Leadership in the Era of Distraction

Herman Melville wrote Moby Dick in 1851. It's a story about the whaling industry in the 19th century, capturing the intricacies of a life at sea. In one part of the book, Melville describes a lantern that hangs from the ceiling in the Captain's quarter. No matter how rough the seas are, that lantern stays perpendicular to the center of the earth. The lantern and it's inherent stability, reveals the faults of everything around it. It is the lone symbol of stability, always perpendicular to the earth. Leadership has to provide stability, in the current era of distraction.

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Danny Meyer, the increasingly well known restaurateur (Gramercy Tavern, Union Square Cafe, and others), addresses the challenge with communicating consistent messages to his staff members, about his expectations for standards of excellence. He mentions that many of the waiters and managers in his restaurants are constantly testing him, as they push the limits of the standards he believes in. An excerpt from Meyer's book, 'Setting the Table':

"If you choose to get upset about this, you are missing the boat", Pat Cetta (Meyer's friend) noted. Pat pointed to the set table next to us. "First," he said, "I want you to take everything off that table except for the saltshaker. Go ahead! Get rid of the plates, the silverware, the napkins, even the pepper mill. I just want you to leave the saltshaker by itself in the middle." I did as he said, and he asked, "Where is the saltshaker now?"

"Right where you told me, in the center of the table."

"Are you sure that's where you want it?" I looked closely. The shaker was actually about a quarter inch off of center. "Go ahead. Put it where you really want it," he said. I moved it very slightly to what looked to be smack-dab in the center. As soon as I removed my hand, Pat pushed the saltshaker three inches off center.

"Now put it back where you want it," he said. I returned it to dead center. This time he moved the shaker another six inches off center, asking again, "Now where do you want it?"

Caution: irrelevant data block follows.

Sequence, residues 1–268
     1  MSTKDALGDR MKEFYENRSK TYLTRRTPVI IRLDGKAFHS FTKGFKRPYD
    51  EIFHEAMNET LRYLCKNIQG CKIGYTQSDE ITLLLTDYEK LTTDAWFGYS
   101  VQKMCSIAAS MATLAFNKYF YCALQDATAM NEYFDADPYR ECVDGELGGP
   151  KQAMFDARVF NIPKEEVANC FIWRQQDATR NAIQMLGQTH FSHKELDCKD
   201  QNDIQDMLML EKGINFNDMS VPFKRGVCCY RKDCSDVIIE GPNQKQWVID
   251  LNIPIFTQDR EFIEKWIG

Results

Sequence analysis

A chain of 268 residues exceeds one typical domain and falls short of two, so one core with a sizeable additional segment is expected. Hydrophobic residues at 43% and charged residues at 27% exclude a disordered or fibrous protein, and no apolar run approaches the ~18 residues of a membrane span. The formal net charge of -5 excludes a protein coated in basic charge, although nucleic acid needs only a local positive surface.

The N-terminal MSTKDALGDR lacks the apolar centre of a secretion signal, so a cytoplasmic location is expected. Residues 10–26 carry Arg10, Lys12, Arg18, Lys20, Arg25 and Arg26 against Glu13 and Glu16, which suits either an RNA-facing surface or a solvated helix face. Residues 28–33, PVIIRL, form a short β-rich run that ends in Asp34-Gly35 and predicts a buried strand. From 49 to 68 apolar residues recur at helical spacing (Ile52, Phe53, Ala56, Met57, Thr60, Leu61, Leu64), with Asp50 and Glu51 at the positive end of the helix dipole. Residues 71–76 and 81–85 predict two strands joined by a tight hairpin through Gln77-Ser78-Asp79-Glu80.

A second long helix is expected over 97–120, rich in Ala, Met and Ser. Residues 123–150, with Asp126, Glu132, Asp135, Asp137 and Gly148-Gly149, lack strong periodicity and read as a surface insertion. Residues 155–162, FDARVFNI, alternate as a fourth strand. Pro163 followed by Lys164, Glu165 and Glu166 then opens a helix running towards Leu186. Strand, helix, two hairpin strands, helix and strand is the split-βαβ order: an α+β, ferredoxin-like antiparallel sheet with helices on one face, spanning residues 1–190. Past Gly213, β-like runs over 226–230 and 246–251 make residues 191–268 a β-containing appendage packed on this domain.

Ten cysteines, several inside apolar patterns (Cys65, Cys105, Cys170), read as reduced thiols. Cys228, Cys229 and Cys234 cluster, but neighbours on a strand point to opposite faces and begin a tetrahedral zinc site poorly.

I slid it back. Then he explained his point. 'Listen. Your staff and your guests are always moving your saltshaker off center. That's their job. It is the job of life. It's the law of entropy! Until you understand that, you're going to get pissed off every time someone moves the saltshaker off center. It is not your job to get upset. You just need to understand: that's what they do. Your job is just to move the shaker back each time and let them know exactly what you stand for. Let them know what excellence looks like to you.

Cetta is encouraging Meyer to provide the constant stability of the lantern on Melville's ship. And, he is suggesting that he accept the fact that there will always be instability around his attempts to do so.

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A leader has to know where their center lies. They have to know it, talk about it, and never lose sight of it.

In our current era of distraction, where everyone is moving the saltshaker or being coaxed to do so, the only constant is the leader and their knowledge of what is important. The great leaders in this era, like the lantern in Melville's book, are stubbornly consistent, adhering to their center, despite the storms around them.

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2 comments:

  1. This resonates in an era of too much information, too little time and the business transformations. Out here in Europe our attention has been stretched as our people get to grips with integrated European practice and the messages around CAMS. A two year journey that's beginning to settle down as people digest what it means for their industries.

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  2. The bigger challenge I think is to understand what exactly is THE important thing, in this era of distraction. Adhering to their center could be less tedious, once the identification is spot on.
    I believe real good Leaders help a lot in making others understand and appreciate what saltshaker is - at a point in time.

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